Box 1 shows the recommendations on the regulation of e-cigarettes that reached a high level of agreement by the end of the survey.

Box 1



  • Nicotine-containing electronic cigarettes (e-cigarettes) should be sold in Switzerland under specific regulation, different than the current regulations

  • E-cigarettes should be considered as either:

    • A drug (medication), regulated by Swissmedic

    • A new category of products containing nicotine, under specific regulation

  • E-cigarettes should not be considered as:

    • A tobacco product, regulated like other products containing tobacco (such as cigarettes, pipes and cigars)

    • A consumer product, without changing the actual regulation

  • If e-cigarettes with nicotine were to be authorised in Switzerland, companies should:

    • Respect a list of authorised e-liquid ingredients

    • Be on a list of accepted models with specific requirements

    • Respect an upper limit of nicotine concentration

  • A warning should be stated on the product, especially concerning the potential for addiction and the lack of evidence concerning long-term safety.

  • The ingredients of the e-liquid should be stipulated on the product.

Box 2



  • Restrictions on sales should be proposed for minors

  • If electronic cigarettes (e-cigarettes) were considered as a medication, restrictions should be proposed for minors and pregnant women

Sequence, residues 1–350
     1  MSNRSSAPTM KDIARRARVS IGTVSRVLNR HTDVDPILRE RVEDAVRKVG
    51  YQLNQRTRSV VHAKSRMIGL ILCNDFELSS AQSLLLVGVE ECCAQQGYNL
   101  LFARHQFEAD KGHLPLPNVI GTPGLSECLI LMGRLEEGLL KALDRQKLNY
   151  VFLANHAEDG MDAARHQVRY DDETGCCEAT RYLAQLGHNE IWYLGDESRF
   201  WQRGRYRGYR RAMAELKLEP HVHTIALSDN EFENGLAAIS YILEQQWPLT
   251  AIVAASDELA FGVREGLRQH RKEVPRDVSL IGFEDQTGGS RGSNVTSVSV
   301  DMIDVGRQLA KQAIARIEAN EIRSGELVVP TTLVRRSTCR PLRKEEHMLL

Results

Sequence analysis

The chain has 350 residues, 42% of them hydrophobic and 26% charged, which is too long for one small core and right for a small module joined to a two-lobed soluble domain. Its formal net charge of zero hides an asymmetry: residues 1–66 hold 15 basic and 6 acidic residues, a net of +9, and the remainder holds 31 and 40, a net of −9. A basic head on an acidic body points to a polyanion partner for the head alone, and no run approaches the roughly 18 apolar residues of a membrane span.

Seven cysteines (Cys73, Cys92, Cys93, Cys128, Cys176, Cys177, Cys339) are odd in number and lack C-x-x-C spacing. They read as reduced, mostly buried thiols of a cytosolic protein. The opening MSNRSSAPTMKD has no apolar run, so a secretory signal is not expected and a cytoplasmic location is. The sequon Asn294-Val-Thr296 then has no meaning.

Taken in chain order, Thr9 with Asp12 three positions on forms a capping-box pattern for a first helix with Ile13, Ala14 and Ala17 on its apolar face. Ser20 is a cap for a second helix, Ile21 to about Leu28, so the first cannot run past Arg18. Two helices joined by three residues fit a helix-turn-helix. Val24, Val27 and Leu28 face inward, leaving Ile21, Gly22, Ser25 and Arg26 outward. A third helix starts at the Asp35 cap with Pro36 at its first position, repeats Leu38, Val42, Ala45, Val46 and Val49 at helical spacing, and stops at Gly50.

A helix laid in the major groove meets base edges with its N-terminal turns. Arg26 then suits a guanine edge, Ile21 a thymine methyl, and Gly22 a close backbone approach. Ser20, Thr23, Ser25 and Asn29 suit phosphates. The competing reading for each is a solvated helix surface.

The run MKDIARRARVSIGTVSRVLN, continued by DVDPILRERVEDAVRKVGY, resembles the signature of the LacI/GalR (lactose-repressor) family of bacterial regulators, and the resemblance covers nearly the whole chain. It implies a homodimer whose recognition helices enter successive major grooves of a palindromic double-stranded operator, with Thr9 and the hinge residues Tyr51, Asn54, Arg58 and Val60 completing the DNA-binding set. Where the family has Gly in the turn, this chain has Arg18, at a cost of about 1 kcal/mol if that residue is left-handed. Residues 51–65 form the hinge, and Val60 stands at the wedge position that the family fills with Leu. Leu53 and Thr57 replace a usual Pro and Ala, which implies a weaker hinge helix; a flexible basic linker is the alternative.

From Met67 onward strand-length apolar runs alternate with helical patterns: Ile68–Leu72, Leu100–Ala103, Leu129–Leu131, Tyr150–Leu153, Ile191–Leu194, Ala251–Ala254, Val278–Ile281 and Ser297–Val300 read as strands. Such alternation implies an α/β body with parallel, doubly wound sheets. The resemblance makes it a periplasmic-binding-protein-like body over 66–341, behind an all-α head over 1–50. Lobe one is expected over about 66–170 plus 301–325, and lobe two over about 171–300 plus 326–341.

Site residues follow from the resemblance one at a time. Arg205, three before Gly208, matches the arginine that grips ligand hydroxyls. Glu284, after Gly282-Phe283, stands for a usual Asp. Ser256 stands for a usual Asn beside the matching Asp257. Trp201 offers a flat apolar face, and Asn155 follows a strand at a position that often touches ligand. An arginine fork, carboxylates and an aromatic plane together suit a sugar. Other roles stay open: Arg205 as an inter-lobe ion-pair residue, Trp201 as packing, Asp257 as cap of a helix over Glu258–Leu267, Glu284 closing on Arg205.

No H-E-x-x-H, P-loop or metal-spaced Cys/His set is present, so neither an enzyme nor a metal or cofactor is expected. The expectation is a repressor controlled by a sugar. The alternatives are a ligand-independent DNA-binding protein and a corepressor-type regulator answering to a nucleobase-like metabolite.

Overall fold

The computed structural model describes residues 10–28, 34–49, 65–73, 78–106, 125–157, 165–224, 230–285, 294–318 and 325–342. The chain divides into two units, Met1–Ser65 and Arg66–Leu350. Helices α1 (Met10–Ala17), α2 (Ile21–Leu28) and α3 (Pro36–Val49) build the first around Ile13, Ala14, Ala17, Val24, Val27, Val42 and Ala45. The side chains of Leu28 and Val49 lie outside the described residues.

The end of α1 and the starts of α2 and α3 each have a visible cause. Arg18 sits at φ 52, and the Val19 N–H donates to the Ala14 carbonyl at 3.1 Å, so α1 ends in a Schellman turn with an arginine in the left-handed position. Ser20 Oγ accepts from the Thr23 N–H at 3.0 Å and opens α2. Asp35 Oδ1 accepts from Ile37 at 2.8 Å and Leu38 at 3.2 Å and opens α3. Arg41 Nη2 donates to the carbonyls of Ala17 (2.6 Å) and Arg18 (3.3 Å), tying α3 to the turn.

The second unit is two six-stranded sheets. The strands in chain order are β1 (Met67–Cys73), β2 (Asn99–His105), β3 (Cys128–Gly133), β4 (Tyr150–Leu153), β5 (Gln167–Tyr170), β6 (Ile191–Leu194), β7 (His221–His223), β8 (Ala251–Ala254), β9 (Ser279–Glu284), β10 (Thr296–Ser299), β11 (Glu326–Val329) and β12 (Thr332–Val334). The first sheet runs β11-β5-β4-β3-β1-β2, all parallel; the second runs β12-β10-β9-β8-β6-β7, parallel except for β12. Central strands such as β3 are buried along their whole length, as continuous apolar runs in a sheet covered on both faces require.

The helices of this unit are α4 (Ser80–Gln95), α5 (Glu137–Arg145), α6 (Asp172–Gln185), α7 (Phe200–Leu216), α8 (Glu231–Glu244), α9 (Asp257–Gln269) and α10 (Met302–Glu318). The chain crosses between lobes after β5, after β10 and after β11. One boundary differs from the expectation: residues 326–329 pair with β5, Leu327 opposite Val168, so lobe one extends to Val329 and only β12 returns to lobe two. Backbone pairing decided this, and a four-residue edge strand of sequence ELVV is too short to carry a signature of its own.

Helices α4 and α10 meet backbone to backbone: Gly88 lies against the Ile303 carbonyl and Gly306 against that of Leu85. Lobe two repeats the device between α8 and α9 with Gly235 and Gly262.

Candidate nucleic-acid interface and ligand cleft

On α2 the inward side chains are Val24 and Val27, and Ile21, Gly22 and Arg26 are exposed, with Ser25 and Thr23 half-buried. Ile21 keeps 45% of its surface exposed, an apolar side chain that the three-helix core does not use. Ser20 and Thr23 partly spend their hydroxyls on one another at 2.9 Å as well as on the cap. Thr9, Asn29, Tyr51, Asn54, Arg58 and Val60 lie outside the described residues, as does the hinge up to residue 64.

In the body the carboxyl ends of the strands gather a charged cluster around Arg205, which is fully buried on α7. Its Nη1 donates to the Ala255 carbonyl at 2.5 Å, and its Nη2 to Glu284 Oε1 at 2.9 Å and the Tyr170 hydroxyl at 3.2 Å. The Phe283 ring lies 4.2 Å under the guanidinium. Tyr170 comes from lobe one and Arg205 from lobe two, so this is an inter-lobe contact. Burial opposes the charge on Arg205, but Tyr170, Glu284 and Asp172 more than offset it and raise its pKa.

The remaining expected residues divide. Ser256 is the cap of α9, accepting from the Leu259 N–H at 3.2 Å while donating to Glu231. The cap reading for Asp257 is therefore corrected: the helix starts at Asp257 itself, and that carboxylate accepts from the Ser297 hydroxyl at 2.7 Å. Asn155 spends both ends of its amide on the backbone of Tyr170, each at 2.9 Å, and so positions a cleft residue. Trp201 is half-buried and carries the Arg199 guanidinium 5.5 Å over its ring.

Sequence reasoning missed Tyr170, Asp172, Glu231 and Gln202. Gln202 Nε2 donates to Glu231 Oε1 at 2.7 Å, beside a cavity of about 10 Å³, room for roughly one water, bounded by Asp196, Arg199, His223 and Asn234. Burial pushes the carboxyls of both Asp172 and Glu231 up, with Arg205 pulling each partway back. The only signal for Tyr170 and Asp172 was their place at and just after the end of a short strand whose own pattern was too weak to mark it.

• If nicotine-containing e-cigarettes were to be authorised in Switzerland, they should not be sold by the tobacco industry or related companies

  • E-cigarettes should be sold in either:

    • Pharmacies

    • The same places as tobacco products

  • E-cigarettes should not be sold:

    • In specialised shops

    • Anywhere

  • A specific tax should be implemented on e-cigarettes

  • Advertisement should not be allowed:

    • In the media

    • Targeting minors

    • Targeting non-smokers

Box 3

Use and general opinion


  • The use of electronic cigarettes (e-cigarettes) should be forbidden in public places

  • Health authorities should advise never-smokers not to use e-cigarettes (eg, through a public campaign)

  • Health authorities should not encourage smokers to shift to e-cigarettes to help them quit smoking as first-line therapy.